Quote

Specs in the service manual states that. : "equivalent input noise (dynamic microphone) is better than -115dbm.


The 3p3t input switch seems to switch in/out a pad for mic/line and also alter the feedback/gain of the first stage, and also adapting the input impedance (i think).  The second position is adapted for carbon mics.


I also read in the manual that the freq response is +/-2db - 100hz -10khz. They probably limited it to minimize distortion and noise.

So yea probably i'll use it as an effect.
I originaly wanted to guts for parts because it uses a nice little Beyer "peanut" transformer but i might as well try it. i would feel a bit shamefull to just destroy them.

But why use a mosfet instead of a jfet?  I don't understand how the limiter work myself, does it work like a normal jfet comp?  or the mosfet does something like hard clipping?
Taking a WAG (wild as_ guess) perhaps there is a distortion lowering mechanism from injecting that -6dB AC voltage onto the substrate.

I never used a MOSFET this way, or heard of the distortion lowering trick used on MOSFETs (only saw it on JFETs).

Still guessing about the actual nodes connected or skips not indicated in the poorly detailed schematic (not to mention old hand drawn schematics often contain mistakes).

AFAIK JFETs were lower Rds(on) so better parts for this kind of application.

Perhaps search for very old MOSFET application notes describing such a distortion cancelling trick... or not. .   

JR
Don't only half-ass tune your drums. Visit https://circularscience.com to hear what properly "cleared" drums sound like.

diggy fresh

Re: mosfet limiter ?
« Reply #4 on: September 06, 2019, 07:42:20 PM »
Thanks for your insight John!

Yes the schematic is kinda drawn confusing with all the limes crossing and grounds everywhere..  Just for the sake of curiosity i will try to redraw it and compare it with the board.


Another interesting detail, the transformer is a "studio grade" Beyer "peanut".

br 351 110 005
1:10
200ohm/20kohm
50-15khz

Seems overkill for a talkback amp.


I will redraw and update this thread when i'm done.
English is my second language, apologies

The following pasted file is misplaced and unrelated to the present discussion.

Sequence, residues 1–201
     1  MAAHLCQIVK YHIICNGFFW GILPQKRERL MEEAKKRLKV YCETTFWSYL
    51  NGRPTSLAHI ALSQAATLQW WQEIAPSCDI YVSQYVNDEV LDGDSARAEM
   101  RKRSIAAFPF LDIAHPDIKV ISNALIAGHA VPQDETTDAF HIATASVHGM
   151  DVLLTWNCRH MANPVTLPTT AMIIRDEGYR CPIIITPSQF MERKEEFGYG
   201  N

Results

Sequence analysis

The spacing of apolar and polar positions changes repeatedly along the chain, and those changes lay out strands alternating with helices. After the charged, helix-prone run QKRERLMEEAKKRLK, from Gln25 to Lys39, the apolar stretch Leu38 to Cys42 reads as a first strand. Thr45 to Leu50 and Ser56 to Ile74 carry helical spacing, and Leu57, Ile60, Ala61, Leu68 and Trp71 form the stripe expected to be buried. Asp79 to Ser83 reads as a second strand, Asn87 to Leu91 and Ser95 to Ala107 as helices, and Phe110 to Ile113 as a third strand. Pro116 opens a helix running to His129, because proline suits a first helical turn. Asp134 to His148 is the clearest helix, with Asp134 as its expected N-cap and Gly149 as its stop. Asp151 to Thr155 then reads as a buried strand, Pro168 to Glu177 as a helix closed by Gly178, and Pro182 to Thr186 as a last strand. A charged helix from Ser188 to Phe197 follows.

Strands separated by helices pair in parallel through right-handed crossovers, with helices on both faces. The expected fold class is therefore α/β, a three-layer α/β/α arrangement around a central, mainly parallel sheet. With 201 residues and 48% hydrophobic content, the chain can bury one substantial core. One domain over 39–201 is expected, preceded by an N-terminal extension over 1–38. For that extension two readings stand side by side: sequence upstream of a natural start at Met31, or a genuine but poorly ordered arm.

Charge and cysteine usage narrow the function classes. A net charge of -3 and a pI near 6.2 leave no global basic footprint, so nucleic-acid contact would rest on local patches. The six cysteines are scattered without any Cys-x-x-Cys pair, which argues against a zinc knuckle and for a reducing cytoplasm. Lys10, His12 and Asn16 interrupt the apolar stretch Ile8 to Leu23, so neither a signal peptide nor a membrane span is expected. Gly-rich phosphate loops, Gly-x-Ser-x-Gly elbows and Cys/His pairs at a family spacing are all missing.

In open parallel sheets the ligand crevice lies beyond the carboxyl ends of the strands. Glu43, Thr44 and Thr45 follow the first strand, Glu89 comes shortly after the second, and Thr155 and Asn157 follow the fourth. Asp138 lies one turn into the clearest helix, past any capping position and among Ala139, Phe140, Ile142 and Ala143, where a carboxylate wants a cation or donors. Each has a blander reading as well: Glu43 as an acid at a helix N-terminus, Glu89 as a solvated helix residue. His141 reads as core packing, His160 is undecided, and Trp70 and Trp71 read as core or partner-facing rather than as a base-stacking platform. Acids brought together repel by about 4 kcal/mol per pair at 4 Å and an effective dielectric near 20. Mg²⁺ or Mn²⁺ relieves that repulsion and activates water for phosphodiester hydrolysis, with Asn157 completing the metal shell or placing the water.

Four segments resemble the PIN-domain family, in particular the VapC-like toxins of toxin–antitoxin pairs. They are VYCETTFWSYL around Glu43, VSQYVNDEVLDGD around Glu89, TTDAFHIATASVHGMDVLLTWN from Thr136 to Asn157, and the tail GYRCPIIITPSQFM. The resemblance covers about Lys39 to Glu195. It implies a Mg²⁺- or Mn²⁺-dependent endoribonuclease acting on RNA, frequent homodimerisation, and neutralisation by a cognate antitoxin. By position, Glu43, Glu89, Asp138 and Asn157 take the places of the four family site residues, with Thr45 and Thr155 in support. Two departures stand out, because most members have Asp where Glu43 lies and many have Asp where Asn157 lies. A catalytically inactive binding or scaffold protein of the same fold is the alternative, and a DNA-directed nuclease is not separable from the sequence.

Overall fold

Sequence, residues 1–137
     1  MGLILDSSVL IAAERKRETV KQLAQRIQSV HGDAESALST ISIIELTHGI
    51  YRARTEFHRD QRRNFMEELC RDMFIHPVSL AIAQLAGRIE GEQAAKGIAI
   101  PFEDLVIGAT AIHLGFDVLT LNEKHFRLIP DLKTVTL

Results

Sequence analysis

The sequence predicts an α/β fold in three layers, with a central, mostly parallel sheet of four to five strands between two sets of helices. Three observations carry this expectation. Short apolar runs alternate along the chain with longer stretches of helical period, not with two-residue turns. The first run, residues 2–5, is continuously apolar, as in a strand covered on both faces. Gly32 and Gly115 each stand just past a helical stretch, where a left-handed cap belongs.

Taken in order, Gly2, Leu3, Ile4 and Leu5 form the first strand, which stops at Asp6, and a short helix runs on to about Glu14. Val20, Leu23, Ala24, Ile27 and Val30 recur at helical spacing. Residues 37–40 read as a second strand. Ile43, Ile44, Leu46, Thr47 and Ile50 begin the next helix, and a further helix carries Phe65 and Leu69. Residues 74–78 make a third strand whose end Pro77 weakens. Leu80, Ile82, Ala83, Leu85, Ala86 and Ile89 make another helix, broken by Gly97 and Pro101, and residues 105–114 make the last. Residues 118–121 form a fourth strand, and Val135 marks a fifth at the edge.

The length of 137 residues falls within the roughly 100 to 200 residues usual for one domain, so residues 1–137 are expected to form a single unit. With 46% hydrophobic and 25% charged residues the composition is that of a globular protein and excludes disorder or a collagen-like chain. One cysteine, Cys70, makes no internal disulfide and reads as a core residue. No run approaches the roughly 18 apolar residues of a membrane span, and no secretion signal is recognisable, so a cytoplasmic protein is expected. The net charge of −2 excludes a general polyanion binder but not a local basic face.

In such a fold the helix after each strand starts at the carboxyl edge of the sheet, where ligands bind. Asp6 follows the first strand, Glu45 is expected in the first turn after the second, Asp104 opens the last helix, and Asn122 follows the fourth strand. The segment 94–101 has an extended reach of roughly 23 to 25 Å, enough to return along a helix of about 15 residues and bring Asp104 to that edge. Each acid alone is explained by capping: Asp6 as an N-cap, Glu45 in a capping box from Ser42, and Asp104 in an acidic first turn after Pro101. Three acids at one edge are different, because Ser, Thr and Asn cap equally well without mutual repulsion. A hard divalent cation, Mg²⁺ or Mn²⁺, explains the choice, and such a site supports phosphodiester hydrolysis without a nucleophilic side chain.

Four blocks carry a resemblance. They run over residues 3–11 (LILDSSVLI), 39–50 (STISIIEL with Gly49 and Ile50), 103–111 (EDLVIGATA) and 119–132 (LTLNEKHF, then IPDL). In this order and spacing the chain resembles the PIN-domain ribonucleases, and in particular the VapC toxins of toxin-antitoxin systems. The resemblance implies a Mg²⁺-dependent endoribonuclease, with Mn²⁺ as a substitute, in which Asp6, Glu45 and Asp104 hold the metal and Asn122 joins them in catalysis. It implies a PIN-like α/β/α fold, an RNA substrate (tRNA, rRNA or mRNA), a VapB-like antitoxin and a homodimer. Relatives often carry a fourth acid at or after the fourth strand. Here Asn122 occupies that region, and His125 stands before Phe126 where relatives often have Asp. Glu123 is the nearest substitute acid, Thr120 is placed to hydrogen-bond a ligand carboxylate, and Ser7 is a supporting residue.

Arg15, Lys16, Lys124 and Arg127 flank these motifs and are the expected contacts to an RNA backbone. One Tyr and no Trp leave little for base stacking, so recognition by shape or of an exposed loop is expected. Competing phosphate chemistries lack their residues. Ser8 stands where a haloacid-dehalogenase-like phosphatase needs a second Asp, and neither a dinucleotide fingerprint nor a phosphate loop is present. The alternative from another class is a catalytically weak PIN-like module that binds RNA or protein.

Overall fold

Autodidact audio geek, constantly learning.

Very interested in old technology, i mostly learn from the info you guys share on here, so thanks!

diggy fresh

Re: mosfet limiter ?
« Reply #5 on: September 07, 2019, 06:20:34 PM »
As promised, here's a cleaned up schematic.

I'm curious why and how they used a 4 pins mosfet, for educational purpose. Anybody has an idea?

It seems like the negative portion of the signal at the output of ic2 is controlling the gate of the P-channel Mosfet. (?)  And then shunting the input signal?

Is c11 at the gate of the mosfet responsible for the release time?

And what about attack time? Is is dependent on the mosfet?

I can't wait to see how it sounds, this looks like a very simple circuit to diy if it can be improved. Cool little lo-fi effect maybe..
How about bringing the Distortion trimmer to a pot for a dist control?  :)  Would the mosfet produce 2nd harmonics in this context?

Thanks!



English is my second language, apologies

Autodidact audio geek, constantly learning.

Very interested in old technology, i mostly learn from the info you guys share on here, so thanks!

PRR

Re: mosfet limiter ?
« Reply #6 on: September 08, 2019, 12:09:17 AM »
> diy if it can be improved

Why do you think it needs "improving"??

It may be "OK" as it is. It is fundamentally so simple that if it is NOT satisfactory, it will take a major re-think to add the feature-items you wish for.

Most of the people who once knew dual-gate or 4-pin MOSFETs have quit the biz and gone fishing. I glanced once, and except for lo-cost RF preamps and mixers, felt there must be some better way.

abbey road d enfer

Re: mosfet limiter ?
« Reply #7 on: September 08, 2019, 07:43:19 AM »
Is c11 at the gate of the mosfet responsible for the release time?
Discharge time-constant of C11 into R28 and portion of R33.

Quote
And what about attack time?
Charge time-constant of C11, mainly governed by current capability of IC2.

Quote
  Is is dependent on the mosfet? 
No.

Quote
Would the mosfet produce 2nd harmonics in this context?
Predominantly 3rd.
Who's right or wrong is irrelevant. What matters is what's right or wrong.
Star ground is for electricians.

diggy fresh